Shenyang History, China
Shenyang is perhaps one of the oldest cities in China. Its creation can be traced back to the New Stone Age, more than 7,000 years ago. This capital of Liaoning, moreover, underwent several changes on its name—from Houchen to Shenzou and Jen—until it became Shenyang.
The glory days of Shenyang
Shenyang was one of the most favored cities in China a long time ago. Around 1625, during the end of the Ming dynasty, one of the popular leaders of the Manchus, Nurachi, recognized Shenyang as the new capital of China. It was then called Shenjing. The Imperial Palace, which became the home of the emperor and his court, was built a year after. It paled in comparison to the Forbidden City, but it was still considered to be a huge structure, comprised of over 300 rooms and 2 huge courtyards.
However, during 1644 to 1911 (or the Qing Dynasty), Shenyang, more known as Mukden to its people, was demoted to a secondary capital. It was also given a new name called Fengtian.
A battle with Japan
In 1894, a war between China and Japan over Korea broke out. However, China lost and found themselves in too much loss and financial debt. Worsening their case was the Shimonoseki Treaty, where provisions were favoring Japan. In the end, to start paying indemnities, China needed to give up two of its major ports.
Yet Russia decided to step in and secretly partnered with China. They opted to rent ports Arthur and Dalian in exchange of payments for China’s debts to Japan. This positively helped the province as it paved the way for major developments, including the South Manchurian Railroad. It also became a very huge manufacturing center.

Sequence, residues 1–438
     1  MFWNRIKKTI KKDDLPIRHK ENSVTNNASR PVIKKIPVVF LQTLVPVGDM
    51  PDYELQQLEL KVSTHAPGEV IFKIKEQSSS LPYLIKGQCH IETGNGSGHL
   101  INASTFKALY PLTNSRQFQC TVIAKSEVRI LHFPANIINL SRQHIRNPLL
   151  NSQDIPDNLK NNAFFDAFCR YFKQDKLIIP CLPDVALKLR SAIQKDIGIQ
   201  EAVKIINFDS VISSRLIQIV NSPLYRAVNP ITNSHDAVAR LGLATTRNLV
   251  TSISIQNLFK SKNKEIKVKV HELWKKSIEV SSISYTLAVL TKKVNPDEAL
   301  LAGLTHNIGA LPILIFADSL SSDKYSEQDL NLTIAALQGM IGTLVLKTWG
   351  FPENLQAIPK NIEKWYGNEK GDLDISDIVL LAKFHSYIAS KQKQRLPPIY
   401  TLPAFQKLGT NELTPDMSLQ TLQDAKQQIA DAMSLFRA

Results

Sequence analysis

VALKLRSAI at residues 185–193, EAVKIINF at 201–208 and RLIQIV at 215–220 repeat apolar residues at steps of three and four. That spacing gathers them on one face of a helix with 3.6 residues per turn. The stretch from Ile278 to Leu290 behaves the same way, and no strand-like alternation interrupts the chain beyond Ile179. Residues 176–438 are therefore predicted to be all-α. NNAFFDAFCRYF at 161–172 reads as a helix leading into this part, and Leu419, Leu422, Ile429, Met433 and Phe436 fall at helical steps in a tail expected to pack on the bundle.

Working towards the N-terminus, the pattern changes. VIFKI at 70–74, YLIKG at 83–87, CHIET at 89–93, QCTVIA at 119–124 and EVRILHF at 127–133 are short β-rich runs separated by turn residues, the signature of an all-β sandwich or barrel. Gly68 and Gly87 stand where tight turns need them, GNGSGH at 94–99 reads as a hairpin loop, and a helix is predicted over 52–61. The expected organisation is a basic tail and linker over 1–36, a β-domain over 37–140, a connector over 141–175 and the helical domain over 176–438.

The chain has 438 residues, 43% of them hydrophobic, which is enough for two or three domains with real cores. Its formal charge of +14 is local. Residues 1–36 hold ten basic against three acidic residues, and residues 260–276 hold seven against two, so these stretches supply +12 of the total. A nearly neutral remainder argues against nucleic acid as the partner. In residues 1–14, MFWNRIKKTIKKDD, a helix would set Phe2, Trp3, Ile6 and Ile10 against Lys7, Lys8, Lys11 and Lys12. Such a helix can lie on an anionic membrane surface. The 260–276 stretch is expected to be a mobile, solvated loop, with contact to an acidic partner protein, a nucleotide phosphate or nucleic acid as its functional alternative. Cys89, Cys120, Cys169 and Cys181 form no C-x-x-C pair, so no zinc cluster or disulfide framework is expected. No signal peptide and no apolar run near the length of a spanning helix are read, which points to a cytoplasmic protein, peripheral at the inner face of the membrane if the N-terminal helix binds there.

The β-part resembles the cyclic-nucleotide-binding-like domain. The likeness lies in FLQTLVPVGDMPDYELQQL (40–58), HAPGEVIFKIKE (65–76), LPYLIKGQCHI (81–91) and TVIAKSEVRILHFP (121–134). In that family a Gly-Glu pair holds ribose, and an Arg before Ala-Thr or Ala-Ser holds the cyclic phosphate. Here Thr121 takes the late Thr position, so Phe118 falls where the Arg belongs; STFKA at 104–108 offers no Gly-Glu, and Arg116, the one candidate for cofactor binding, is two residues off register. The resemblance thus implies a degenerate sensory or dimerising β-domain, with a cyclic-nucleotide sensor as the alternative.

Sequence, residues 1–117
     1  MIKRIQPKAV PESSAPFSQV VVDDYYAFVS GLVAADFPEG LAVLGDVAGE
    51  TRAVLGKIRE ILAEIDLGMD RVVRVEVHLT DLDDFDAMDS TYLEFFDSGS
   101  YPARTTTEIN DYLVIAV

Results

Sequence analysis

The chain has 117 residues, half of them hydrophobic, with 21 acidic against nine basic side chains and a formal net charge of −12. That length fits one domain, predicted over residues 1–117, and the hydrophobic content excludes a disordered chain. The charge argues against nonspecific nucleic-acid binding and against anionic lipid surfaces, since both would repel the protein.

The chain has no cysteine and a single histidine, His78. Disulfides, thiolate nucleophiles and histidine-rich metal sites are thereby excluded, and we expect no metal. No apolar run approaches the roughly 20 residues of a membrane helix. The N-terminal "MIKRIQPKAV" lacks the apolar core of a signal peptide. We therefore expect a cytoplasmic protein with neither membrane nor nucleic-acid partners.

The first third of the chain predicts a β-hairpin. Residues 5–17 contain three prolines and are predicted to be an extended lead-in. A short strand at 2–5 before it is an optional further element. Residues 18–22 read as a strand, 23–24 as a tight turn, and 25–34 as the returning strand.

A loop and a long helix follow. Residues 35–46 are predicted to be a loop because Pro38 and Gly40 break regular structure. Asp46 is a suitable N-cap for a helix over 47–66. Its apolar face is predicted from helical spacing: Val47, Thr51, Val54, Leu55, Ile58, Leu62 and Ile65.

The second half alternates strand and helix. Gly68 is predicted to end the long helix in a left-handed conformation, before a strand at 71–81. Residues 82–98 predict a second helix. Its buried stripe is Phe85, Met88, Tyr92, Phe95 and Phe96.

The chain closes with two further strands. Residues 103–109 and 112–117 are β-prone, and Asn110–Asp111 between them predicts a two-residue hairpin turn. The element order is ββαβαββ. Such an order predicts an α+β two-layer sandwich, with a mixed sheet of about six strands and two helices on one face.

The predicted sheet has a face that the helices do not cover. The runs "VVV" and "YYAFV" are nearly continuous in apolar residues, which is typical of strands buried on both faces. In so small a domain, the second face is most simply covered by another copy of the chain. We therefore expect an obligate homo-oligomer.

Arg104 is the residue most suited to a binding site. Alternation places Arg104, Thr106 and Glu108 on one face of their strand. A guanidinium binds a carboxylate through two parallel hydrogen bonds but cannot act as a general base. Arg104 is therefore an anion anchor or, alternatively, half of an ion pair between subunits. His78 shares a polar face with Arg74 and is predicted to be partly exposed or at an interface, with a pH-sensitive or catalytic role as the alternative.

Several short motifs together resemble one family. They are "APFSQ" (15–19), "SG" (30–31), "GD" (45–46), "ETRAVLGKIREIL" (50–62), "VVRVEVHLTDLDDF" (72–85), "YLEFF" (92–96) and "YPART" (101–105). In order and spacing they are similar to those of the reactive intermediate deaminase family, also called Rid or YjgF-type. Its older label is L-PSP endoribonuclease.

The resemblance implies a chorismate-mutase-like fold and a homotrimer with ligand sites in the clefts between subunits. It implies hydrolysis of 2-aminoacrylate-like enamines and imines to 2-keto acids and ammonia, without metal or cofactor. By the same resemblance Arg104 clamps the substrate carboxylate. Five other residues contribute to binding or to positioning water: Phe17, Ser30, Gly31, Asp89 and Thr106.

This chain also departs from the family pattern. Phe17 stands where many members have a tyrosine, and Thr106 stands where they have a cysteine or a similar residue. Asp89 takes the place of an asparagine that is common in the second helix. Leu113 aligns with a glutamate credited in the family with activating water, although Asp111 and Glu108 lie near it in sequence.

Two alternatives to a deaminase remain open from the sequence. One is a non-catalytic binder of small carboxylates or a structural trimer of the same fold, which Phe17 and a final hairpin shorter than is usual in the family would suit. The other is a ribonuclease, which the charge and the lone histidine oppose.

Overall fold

However, this didn’t last for a very long time. Japan started to harbor ill feelings against the arrangement and waged war against Russia: the 1904 Russo-Japanese War. For fifteen days, these two countries battled it out in Sho Ha River, located near the southern portion of the city. With the help of the United States, a new treaty called the Portsmouth Treaty, was signed. Dalian was given back to China.
As a way of getting back at Shenyang and invading the city, the Japanese initiated an explosion in a train car on September 18, 1931. This is now famously known as the Shenyang Incident. It allowed them to capture northeastern China and set up a puppet government under Qing emperor Pu Yi.
The Japanese was finally overthrown during World War II, though civil skirmishes still existed. Nevertheless, it didn’t stop Shenyang from getting back to its original form and becoming one of the biggest cities all over China. Today, there are more than 7 million people living in the city. It has one of the best railroad hubs, and several manufacturing companies are contributing to its economic growth and providing jobs to its people.
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